Hip-hop artist Travis Scott has finally opened up about the Astroworld tragedy that took place on November 5, as fans surged toward the stage during his performance, killing 10 people, including a 9-year-old, and leaving hundreds injured.
On Thursday, radio and talk show host, Charlamagne tha God, released a nearly hour-long interview with the rapper on his YouTube channel, where the latter hoped to communicate with his fans and their families.
“It really hurts,” Scott said. “It hurts the community, it hurts the city [Houston, both where he is from and where the annual festival was held]. It’s a lot of feelings, a lot of grieving.”
Scott, who has denied legal liability, blamed the limited visibility from the stage as well as the loud music, blinding lights, pyro and other elements for his lack of knowledge about the unfortunate turn of events, saying he “didn’t know the exact details until minutes before the press conference (after his show).”
Talking about ensuring his fans got proper attention, he said, “Anytime I could see anything like that, I did. I stopped it a couple of times to just make sure everybody was OK. And I really just go off the fans’ energy as a collective – call and response. I just didn’t hear that.”
When confronted about the “raging” nature of his shows and the lack of sufficient planning for safety precautions that could have possibly prevented the mishap, the rapper said, “Us as artists, we trust professionals for when things happen that people can leave safely.”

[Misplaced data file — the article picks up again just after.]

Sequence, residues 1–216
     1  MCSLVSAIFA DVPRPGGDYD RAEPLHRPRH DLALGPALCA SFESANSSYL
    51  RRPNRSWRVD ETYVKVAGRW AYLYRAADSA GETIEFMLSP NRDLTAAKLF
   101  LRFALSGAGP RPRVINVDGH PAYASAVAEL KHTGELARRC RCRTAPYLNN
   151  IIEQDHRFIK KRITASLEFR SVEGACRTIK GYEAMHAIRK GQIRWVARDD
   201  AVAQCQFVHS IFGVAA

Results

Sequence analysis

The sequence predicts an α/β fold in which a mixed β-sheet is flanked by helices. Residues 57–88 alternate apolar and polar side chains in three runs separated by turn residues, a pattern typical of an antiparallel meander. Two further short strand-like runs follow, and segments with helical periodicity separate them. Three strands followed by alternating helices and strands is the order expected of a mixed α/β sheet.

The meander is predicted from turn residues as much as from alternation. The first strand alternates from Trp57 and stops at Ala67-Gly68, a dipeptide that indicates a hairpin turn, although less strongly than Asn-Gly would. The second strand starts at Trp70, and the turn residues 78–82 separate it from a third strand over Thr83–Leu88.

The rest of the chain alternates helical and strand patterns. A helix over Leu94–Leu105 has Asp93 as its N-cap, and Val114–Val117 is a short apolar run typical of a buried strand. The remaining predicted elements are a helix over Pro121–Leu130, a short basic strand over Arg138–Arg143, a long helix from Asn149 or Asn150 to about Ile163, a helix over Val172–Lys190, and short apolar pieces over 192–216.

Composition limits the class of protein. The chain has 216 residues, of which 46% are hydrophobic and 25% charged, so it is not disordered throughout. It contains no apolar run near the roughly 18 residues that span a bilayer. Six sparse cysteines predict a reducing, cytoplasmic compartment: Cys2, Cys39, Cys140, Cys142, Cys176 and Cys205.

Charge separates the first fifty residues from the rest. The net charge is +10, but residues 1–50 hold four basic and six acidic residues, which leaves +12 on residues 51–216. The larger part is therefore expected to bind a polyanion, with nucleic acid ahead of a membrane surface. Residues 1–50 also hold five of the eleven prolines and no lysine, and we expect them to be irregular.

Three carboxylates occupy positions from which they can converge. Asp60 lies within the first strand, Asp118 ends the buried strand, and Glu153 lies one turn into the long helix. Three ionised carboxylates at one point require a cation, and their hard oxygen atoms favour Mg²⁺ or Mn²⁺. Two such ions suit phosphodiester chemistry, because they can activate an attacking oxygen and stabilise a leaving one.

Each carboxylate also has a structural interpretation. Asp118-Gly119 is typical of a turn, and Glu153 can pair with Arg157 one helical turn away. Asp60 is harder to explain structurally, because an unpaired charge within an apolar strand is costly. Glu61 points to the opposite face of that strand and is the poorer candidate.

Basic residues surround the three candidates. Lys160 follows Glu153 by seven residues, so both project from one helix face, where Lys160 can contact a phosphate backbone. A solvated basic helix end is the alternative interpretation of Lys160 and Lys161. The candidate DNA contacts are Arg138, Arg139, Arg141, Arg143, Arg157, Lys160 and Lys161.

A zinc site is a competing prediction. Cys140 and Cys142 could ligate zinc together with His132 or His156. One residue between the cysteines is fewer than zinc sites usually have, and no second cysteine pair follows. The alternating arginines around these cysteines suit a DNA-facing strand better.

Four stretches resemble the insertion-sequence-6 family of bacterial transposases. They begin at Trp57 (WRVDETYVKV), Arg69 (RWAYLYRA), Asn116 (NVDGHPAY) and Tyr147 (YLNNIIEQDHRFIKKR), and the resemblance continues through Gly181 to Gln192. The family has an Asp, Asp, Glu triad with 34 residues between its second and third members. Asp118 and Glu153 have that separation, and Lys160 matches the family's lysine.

Reminiscing how that night started off just like any other regular show, Scott added, “People didn’t show up there just to be harmful . People just showed up to have a good time and then something unfortunate happened and I think we really just got to figure out what that was.”
Attorney Brent Coon, who is representing around 2,000 concert attendees, has requested a consolidation of the numerous lawsuits that have been filed since the Astroworld tragedy against Scott, concert promoter Live Nation and many others behind the festival, asking for $10 billion in damages on the grounds of legal negligence.
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